Composition and Première
For various reasons, the summer holidays of 1897 and 1898 had been unproductive from a creative perspective. The 1898/99 season at the Vienna Court Opera closed on Monday, 12 June, 1899 and Mahler left Vienna to spend the summer with his sister Justine and his musical friend and companion Natalie Bauer-Lechner. The house they had booked proved quite unsuitable and Mahler spent ten days desperately trying to find alternative accommodation. Eventually he found the Villa Kerry at Alt-Aussee in the Salzkammergut, but was dismayed to discover that the daily bandstand concerts down in the spa town were clearly audible. This was a major disturbance, as during his summer vacations Mahler always insisted on working in absolute silence.
Nonetheless, having made some revisions to the Third Symphony, corrected his publisher's proofs of 'Das klagende Lied'2 and written a new song, 'Revelge', in mid-July Mahler started work on the Fourth Symphony3. He worked furiously on this, anxious to get as much as possible sketched on paper before he would be obliged to return to his duties at the Vienna Court Opera at the end of July.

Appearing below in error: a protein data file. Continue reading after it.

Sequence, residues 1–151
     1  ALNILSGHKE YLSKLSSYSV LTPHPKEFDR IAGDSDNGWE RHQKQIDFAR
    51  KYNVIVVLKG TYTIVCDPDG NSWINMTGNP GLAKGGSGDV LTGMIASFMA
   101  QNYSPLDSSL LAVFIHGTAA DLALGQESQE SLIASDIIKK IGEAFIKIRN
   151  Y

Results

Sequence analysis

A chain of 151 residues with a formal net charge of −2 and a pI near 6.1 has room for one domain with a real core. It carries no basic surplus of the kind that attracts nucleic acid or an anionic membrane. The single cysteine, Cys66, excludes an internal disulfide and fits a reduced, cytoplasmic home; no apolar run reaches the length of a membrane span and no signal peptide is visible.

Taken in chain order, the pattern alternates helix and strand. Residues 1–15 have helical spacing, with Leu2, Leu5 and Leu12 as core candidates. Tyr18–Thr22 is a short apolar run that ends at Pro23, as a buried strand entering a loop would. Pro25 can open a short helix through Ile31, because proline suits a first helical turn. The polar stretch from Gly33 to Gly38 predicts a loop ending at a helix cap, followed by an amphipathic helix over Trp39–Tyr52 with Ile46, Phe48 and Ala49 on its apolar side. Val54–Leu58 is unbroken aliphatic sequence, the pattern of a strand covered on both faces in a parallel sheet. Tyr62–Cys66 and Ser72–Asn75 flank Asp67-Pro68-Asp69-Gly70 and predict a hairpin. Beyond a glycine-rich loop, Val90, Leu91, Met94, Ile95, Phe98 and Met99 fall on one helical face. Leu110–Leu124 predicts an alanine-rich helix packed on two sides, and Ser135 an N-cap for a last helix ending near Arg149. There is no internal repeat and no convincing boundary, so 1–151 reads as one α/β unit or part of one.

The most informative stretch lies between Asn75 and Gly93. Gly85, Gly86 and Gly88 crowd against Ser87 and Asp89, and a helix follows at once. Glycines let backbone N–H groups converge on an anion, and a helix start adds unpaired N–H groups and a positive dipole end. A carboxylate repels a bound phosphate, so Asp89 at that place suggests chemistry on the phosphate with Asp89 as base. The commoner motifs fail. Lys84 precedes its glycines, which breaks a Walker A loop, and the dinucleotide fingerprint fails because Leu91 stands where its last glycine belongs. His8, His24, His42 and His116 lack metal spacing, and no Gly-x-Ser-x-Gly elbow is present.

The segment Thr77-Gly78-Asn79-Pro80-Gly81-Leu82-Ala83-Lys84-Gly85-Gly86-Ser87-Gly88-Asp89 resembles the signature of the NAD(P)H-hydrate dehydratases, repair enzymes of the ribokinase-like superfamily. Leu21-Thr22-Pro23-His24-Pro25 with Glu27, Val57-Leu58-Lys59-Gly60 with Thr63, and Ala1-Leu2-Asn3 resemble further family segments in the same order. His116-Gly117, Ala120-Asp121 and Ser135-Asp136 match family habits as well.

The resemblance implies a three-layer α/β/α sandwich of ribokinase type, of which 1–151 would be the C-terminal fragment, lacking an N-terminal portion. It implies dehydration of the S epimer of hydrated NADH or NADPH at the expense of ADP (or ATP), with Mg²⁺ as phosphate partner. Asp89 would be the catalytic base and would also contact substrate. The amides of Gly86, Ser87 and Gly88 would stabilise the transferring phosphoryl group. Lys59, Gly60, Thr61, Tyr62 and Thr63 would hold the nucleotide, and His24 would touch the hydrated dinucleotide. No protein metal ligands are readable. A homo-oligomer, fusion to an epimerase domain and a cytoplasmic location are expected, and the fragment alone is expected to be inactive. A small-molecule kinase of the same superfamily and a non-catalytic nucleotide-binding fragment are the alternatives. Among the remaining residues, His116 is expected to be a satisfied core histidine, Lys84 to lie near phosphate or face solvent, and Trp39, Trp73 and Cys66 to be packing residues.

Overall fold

Mahler spent the following summer in a rented villa at Maiernigg, on the Wörthersee. Since the previous summer, he had bought a plot of land on the side of the lake and commissioned a house to be built upon it. He also rented some land behind the purchased plot, on which the architect arranged to erect a small composing hut (Häuschen), to be ready for the summer of 1900 in advance of the main house. The first fruit of this Häuschen, which Mahler was to use for the next few years, was the completion of the Fourth Symphony.
The fourth movement of the new symphony comprised one of the songs from the collection Des Knaben Wunderhorn, 'Das himmlische Leben', written in February, 1892 and orchestrated the following month. This was envisaged at one time as a seventh movement to the Third Symphony with the sub-title 'What the Child Tells Me', but was dropped. As a Wunderhorn song, it had its first public performance at a concert in Hamburg on Friday, 27 October, 18934.
At the first performance, scheduled to take place in the Kaimsaal in Munich on Monday, 18 November, 1901, Mahler would conduct his symphony, whilst Felix Weingartner would conduct the remainder of the concert5. Mahler asked for a delay of one week, due to 'insurmountable difficulties'6. He left Vienna by train with Justine and Natalie on the evening of 20th November and began rehearsals with the Kaim Orchestra the following day. Mahler realised very quickly that the quality and experience of the orchestra was going to make a satisfactory realisation of this deceptively simple work very difficult.